ACT English 1.1 Organization
ACT English: Organization Drill 1, Problem 1. Which transition works best?
|English I EOC Assessment||Introductory and Concluding Paragraphs|
|Essay Revision||Coherence, Organization, and Word Choice|
Rhetorical Effectiveness and Use of Organization
|Expository Texts||Rhetorical Devices and Transistions|
|Oral and Written Conventions||Parts of Speech|
|Product Type||ACT English|
Organization: Sentences and Paragraphs
relate one idea in a sentence to the next.
Each one is like a bridge that tells us the relationship between the place we're leaving
and the place we're headed.
The sentence in question is in bad need of a transition word that expresses some kind
We've got two basic ideas: the speaker smells like citrus, and he or she doesn't have oranges.
These two ideas are kind of at odds with each other, right? Therefore we need a transition
word that gets across this contradictory relationship.
So, we know we can eliminate choice (A).
"Because" is used when one thing is directly caused by the next. It's used for showing
logical linkages, not contradictions.
(B) is wrong because "unless" tries to make oranges conditional on the smell of citrus.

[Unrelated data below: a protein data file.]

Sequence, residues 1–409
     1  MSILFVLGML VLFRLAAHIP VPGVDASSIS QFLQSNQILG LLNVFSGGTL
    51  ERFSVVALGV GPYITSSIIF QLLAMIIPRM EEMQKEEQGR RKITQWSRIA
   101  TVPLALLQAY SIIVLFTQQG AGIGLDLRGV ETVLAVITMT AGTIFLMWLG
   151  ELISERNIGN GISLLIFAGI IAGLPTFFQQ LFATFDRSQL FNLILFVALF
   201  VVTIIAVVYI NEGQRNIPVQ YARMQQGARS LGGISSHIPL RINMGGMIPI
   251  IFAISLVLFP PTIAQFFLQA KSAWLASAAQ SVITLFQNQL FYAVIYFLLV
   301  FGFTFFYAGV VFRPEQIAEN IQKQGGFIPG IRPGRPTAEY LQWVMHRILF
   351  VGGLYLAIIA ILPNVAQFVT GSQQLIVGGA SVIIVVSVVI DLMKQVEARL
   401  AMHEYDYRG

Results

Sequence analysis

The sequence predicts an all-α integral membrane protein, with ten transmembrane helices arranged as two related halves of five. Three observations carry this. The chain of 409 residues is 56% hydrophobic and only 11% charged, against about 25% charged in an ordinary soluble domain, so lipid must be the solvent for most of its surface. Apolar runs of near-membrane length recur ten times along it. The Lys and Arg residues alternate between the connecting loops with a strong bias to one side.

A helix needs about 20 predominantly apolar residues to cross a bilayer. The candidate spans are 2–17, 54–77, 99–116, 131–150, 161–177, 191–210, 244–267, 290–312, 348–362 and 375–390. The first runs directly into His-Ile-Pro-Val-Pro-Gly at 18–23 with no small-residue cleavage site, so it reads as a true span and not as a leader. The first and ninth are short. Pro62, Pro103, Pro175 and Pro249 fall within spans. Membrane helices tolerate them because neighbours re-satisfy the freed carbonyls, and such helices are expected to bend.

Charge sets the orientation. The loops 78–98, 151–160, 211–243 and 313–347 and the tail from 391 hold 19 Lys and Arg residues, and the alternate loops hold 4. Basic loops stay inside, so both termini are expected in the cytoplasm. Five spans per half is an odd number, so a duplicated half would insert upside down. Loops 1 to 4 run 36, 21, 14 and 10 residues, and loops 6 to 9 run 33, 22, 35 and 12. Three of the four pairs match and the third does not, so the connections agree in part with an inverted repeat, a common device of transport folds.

If it said something like, "Unless I have oranges, I won't smell like citrus," then
it would make more sense.
That isn't an option, however. So we can eliminate choice (B).
(D) gives us the introductory phrase "on the contrary." Introductory phrases set the stage
for the sentence to come, and they always require a comma to set them apart.
Choice (D) has no comma and sounds like total gobbledygook.
Because of its punctuation error, we don't have to give (D) another thought.
Choice (C) correctly uses the transition word "although."
It sets up the contradiction we've been looking for, making it understood that this person
smells like citrus even though he or she doesn't have any.
Our best guess is that the speaker ate all the oranges before he or she arrived, leaving
none for anybody else. What a jerk.